Peru: Resistance and community organization for the defense of the rainforest

Peruvian Amazon. Photo: Sebastián Castañeda/Mongabay Latam.

The Putumayo River basin covers an area of 12 million hectares and represents 1.7% of the Amazon basin. Its headwaters are in Colombia, and it demarcates a large part of the border between Ecuador and Peru, until finally flowing into the Amazon River in Brazil. It is one of the few Amazonian rivers that still flows freely.

A large portion of this river basin spans indigenous territories, as well as protected areas that States have created—in disregard for the territorial rights of the peoples who live in the region. This is especially the case in Peru. In the Putumayo River basin there are also vast swaths of intact rainforest, where Indigenous Peoples in Voluntary Isolation live.  

The Indigenous Peoples who today inhabit the Putumayo region faced what came to be known as the Putumayo genocide, which took place from 1879-1913, during the rubber extraction boom. It is estimated that close to 100,000 indigenous people from the Amazon region were brutally exploited, abused and tortured by rubber companies (1).

The curse of resources

Like other areas of the Amazon, the Putumayo basin is suffering from the terrible impacts of deforestation and forest degradation, in particular as a result of mining and logging. And in recent years, the mafias that control these two businesses have become intertwined with the drug trafficking mafias and armed guerrillas (2). As a result, there has been an increase in armed criminal gangs. This is coupled with the absence of the State, which should be guaranteeing the rights of the people.
The peaceful life that indigenous communities used to have on the banks of the Putumayo River is being lost. Violence has become a daily problem. Drug traffickers are using the region to expand coca cultivation, putting indigenous territories under threat. Communities are unable to prevent their territories from being invaded by drug traffickers. Meanwhile, the complete absence of state programs aimed at generating alternative livelihoods—in particular for the youth—make it tempting for youth to join criminal gangs.

Peru is the country with the second largest area of Amazonian rainforest, after Brazil. It also has the third highest deforestation rate, after Brazil and Bolivia. A recent report estimates that, in the last two decades, 2.7 million hectares of forest have been lost—in large part due to the expansion of oil palm plantations (3).

At the beginning of the year, the Peruvian Congress approved a series of amendments to the Forest and Wildlife Law; this act further complicates the future of Amazonian forests and the numerous indigenous communities that have occupied these territories for thousands of years. Indigenous and civil society organizations denounce that the law was passed hastily, without respecting parliamentary timeframes. They also denounce that the amendments promote deforestation and facilitate the transfer of rights to their forests to third parties. "They have violated our rights to consultation and to free, prior and informed consent. Even more serious is the fact that this amendment will promote the plunder of our whole, ancestral territories and will increase threats to the lives of indigenous environmental defenders. It will also threaten biological, cultural, environmental and spiritual life and integrity," they stated in a letter sent to congressional authorities (4).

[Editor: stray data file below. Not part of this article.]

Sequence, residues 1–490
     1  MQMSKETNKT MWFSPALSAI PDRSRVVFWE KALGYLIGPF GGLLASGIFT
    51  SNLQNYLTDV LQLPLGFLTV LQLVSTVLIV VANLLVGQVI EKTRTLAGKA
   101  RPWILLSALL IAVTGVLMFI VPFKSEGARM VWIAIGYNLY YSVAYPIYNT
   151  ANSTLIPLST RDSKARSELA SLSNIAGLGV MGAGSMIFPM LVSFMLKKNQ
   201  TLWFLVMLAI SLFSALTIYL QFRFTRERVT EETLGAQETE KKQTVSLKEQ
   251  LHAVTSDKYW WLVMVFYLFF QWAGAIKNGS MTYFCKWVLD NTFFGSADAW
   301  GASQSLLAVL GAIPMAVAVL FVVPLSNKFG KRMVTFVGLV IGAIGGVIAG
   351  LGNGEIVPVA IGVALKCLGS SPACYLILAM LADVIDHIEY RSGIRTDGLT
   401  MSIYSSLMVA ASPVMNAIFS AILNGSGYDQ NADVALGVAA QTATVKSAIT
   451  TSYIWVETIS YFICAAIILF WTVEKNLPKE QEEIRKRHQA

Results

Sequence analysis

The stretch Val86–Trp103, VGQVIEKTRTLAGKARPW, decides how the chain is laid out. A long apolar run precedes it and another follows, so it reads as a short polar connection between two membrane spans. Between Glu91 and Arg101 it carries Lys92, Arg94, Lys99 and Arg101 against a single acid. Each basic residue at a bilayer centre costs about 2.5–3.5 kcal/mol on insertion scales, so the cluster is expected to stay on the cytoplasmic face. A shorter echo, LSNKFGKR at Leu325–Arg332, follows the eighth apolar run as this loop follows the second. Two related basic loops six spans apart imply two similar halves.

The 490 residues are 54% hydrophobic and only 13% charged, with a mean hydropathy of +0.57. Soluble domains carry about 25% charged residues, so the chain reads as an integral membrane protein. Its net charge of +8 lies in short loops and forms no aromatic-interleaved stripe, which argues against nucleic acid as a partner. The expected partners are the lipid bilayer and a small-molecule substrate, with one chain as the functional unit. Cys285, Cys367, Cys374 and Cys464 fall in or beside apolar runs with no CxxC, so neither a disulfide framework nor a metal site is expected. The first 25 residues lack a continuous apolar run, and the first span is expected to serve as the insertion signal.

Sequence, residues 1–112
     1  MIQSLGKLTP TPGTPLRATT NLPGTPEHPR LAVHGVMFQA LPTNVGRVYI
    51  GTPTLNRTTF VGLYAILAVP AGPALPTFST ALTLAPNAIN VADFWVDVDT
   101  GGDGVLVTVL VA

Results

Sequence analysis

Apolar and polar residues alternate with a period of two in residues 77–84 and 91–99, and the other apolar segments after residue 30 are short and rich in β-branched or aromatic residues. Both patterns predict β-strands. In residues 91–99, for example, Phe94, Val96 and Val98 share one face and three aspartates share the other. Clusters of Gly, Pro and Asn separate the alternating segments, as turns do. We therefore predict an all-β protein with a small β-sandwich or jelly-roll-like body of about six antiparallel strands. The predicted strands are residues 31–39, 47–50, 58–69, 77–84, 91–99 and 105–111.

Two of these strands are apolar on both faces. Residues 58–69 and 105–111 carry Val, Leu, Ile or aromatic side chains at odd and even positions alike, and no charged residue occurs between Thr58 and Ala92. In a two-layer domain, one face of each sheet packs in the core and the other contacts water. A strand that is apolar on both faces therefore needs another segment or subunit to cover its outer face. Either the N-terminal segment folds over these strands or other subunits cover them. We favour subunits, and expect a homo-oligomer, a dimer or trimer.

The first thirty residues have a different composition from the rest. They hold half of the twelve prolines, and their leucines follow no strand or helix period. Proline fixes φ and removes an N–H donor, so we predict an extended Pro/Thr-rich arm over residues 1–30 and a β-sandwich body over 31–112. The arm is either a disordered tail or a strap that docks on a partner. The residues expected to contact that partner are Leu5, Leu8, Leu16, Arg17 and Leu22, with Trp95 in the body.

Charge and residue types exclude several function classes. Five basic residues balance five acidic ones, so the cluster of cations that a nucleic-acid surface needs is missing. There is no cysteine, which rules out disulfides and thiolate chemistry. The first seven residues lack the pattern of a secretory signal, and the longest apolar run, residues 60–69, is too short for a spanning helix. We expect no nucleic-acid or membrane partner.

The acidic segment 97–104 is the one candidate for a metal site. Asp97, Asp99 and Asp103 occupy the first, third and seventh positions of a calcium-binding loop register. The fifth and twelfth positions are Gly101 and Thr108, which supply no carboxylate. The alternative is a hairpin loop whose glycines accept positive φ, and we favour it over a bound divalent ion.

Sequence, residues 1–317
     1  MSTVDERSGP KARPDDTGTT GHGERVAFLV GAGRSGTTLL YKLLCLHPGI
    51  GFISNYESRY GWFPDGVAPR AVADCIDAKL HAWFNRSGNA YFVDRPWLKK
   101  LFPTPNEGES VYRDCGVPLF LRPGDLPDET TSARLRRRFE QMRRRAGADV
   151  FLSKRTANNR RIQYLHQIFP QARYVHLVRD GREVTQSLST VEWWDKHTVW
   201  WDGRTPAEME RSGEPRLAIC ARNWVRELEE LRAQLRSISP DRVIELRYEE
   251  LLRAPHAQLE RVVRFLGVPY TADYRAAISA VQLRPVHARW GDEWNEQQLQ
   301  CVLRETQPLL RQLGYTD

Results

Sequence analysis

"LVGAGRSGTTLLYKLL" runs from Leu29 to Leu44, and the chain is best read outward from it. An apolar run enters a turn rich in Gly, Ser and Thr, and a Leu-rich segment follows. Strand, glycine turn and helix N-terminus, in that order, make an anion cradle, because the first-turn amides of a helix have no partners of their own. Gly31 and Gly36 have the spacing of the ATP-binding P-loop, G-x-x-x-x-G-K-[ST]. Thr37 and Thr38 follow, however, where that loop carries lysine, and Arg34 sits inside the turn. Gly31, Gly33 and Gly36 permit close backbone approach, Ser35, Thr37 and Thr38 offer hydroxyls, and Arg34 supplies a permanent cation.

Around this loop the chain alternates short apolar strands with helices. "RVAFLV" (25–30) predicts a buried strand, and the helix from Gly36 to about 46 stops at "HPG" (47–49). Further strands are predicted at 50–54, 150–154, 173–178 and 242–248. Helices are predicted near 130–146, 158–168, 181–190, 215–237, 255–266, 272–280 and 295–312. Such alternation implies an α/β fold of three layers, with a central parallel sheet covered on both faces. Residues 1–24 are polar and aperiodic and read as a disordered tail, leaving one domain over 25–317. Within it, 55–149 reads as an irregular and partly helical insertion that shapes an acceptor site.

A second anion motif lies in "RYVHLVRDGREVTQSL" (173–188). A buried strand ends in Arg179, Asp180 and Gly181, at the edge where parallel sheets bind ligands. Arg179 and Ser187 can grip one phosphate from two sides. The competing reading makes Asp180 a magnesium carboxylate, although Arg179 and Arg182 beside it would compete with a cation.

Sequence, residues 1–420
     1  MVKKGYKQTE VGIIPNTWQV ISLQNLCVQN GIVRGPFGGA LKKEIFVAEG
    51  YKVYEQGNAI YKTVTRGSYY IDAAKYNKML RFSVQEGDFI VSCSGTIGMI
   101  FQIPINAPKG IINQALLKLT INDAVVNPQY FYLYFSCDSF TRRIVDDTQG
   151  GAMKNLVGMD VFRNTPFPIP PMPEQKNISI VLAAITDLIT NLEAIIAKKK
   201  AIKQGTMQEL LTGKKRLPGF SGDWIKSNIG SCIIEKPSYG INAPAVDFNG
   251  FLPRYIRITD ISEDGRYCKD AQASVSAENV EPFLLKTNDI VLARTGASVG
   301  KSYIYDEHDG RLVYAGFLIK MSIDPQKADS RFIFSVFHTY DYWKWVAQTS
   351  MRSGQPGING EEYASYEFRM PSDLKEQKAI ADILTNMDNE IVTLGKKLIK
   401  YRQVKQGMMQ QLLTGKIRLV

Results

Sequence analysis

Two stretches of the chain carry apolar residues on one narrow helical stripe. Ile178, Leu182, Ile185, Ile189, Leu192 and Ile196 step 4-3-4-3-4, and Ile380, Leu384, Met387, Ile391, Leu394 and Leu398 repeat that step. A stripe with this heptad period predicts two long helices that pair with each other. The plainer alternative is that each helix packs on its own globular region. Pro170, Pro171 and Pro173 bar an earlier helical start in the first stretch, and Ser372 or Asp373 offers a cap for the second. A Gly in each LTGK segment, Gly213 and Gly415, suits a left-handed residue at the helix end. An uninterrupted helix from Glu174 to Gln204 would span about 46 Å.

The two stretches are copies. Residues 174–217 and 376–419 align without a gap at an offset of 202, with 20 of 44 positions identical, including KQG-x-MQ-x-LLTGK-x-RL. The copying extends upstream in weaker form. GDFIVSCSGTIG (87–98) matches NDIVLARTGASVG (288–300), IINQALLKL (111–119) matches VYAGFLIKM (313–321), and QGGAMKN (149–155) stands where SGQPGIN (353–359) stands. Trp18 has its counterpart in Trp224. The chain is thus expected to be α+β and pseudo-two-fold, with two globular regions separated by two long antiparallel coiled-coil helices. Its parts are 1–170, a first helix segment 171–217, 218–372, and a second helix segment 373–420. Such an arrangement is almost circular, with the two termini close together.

The Inter-ethnic Association for the Development of the Peruvian Rainforest (AIDESEP, by its Spanish acronym), an organization that brings together numerous indigenous Amazonian peoples, issued a statement rejecting the modifications to the Forestry Law. Among their arguments, they state that the most harmful aspect of this amendment is the change in land use for forestry purposes, and the conversion of lands under protection to lands for agriculture and livestock production—which previously only occurred in exceptional cases and in compliance with technical regulations. “However, changes can now be made 'legally' without respecting technical criteria, making it possible to attack forests with impunity—forests which protect us from the impacts of the climate crisis,” they warned (5).

The modifications mean clear benefits for agricultural sectors, such as oil palm, which can now accelerate their expansion in the Amazon.

Despite the difficult context, communities living in the Putumayo River basin are still resisting and seeking ways to remain in their territories.

WRM spoke with Arlen Ribeira, an indigenous member of the Witoto People in Peru:

WRM: Arlen, tell us a little about yourself

My name is Arlen Ribeira. I am an indigenous Witoto [also called Muina Murui by its members]. I live on the border of Peru and Colombia, and previous generations of my family have been victims of the rubber boom. Part of our family that survived escaped La Chorrera in Colombia and settled along the Putumayo River, in order to survive and not be persecuted by the rubber bosses.

Since I was a child I have been with my grandparents and with older adults, the wise ones. I have been raised in the maloca. The maloca is our traditional indigenous house, the house of wisdom. So I have very strong roots in the struggle of our peoples. I have promoted territorial and human protection of Indigenous Peoples in isolation and initial contact, as well as participated in numerous events related to the defense of the territory, in Peru, and internationally.